Elliot Rodger, but then Chivalry

Trigger warning.

Hearing about Elliot Rodger shooting innocent women in Santa Barbara was actually heartbreaking. He targeted young women because women didn’t come flocking towards him like wild geese who found bread. Instead of me attacking a deceased guy on the internet, I’m here to say that I truly feel sorry for him. I feel bad that he thought that because he was a straight male, he was entitled by the gods a young, fertile woman.

That was sarcasm. I don’t feel bad for him.

I’m also quite shocked that people think this is the first time women have been the target in a massacre– remember George Sodini in 2009 or even Montreal’s École Polytechnique Massacre in 1989.
Now, since I’m writing this quite early on into the investigation of the UCSB massacre, I’ll write more about the École Polytechnique Massacre. Marc Lépine, the perpatrator, was anti-feminist. He literally separated men and women in classes, and from the groups of women, he shot those of whom he believed were feminists.

Now, I feel like I constantly have to defend feminism. Either people aren’t entirely sure about it or even that they don’t like the connotation that comes with the words feminism or feminist itself. I didn’t realize how many girls I knew enjoyed gender roles or even “chivalry.” You can’t be someone who demands equal treatment for women, if you continue to want someone else to play waiter for you. I don’t expect a guy to pay for me–it really is a nice gesture, but I feel like it’s also a contributing reason as to why men make more money than women on the same job. The patriarchy has imposed the belief upon women that paying bills and giving flowers are seen as romantic and chivalrous gestures of affection–as if there were no other way to display love than to open a door. I’d honestly prefer a man who strived for the social, political and economic equality of both sexes than to be bought flowers.
Don’t get me wrong, I love flowers (especially peonies), and receiving flowers is the bee’s knees (botany pun), but it’s not something I would see as a representation of a well-standing relationships. Simply put, well, because plants die. Nothing more romantic than to witness the life cycle in a living organism right before my eyes.
My point is, I think chivalry being dead is for the greater good. As I’ve mentioned before previously, I hate gender roles. Side note: my feminstapparel.com t-shirt that reads “Pizza rolls, not Gender Roles” is coming in the mail very soon, and I can’t wait to strut down the halls of my high school with that t-shirt on. Support the cause.



Here are some more in-depth blog posts about the Elliot Rodger misogyny stuff:





Correction: I previously stated that Elliot Rodger had targeted young women because he couldn’t get laid. Turns out, he got rejected once in his youth and never really bothered approaching women romantically ever again. (This was deduced by mutliple people from his 140-page maybe autobiogrophy thingy.)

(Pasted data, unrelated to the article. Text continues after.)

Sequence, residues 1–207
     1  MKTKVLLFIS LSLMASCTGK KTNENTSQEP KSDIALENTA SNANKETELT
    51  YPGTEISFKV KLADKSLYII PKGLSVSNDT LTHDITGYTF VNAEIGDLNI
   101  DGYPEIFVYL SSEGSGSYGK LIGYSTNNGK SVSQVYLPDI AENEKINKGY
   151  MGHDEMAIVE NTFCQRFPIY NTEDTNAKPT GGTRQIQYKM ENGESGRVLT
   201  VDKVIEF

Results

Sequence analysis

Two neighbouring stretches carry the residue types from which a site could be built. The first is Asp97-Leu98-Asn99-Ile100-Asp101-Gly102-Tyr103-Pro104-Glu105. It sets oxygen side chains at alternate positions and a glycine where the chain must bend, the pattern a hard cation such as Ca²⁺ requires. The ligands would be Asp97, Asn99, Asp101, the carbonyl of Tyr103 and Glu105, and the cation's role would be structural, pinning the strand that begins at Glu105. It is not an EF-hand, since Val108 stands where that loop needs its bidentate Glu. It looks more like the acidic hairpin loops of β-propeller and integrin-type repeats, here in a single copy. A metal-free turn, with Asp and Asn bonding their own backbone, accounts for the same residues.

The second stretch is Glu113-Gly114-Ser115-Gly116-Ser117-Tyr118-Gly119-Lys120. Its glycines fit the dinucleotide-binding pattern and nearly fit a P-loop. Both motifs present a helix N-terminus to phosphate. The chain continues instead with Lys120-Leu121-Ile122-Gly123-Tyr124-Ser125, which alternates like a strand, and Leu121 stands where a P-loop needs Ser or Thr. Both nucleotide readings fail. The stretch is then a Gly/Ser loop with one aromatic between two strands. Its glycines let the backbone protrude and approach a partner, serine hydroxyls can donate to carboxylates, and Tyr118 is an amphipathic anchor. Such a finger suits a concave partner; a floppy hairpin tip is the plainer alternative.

2 thoughts on “Elliot Rodger, but then Chivalry

  1. Elliot Rodger released an incredibly creepy video a few days prior talking about how he wants to destroy all the girls that rejected him. I don’t want to post it, but if you google “elliot rodger video” I’m sure it’ll pop up. It’s disgusting.
    I also think it’s kind of funny that men take pride in having “chivalry” when it’s not something you should be proud of? Being respectful and generally a good human being shouldn’t be something a woman should be impressed with when finding a partner, it’s something that should already exists within that person. (If that makes sense.)
    For example, A person shouldn’t feel proud of themselves for throwing garbage in the trash instead of littering, you shouldn’t be littering in the first place.

    • I love your analogy of chivalry and littering, but for me, chivalry isn’t about being respectful. Chivalrous or respectful actions can be the same action, but it’s different under certain circumstances. For example, someone has their hands full, and then you open the door for them. That’s respectful; that’s a nice gesture. A chivalrous version of this would be a guy opening a door for a girl with nothing in her hands. I think that the gesture is unneccesary and shouldn’t be expected from a guy in this case because a girl can undoubtedly do it herself. But, just to clarify, I’m not going to yell at some dude who opens the door for me. Anyways, I do agree with you on the “being respectful and generally a good human being shouldn’t be something a woman should be impressed with when finding a partner,” because it really shouldn’t impress anyone. I mean, if being a good human being isn’t innate to them, then you should just avoid that person completely to avoid future problems.
      Thanks for the comment Isabelle!

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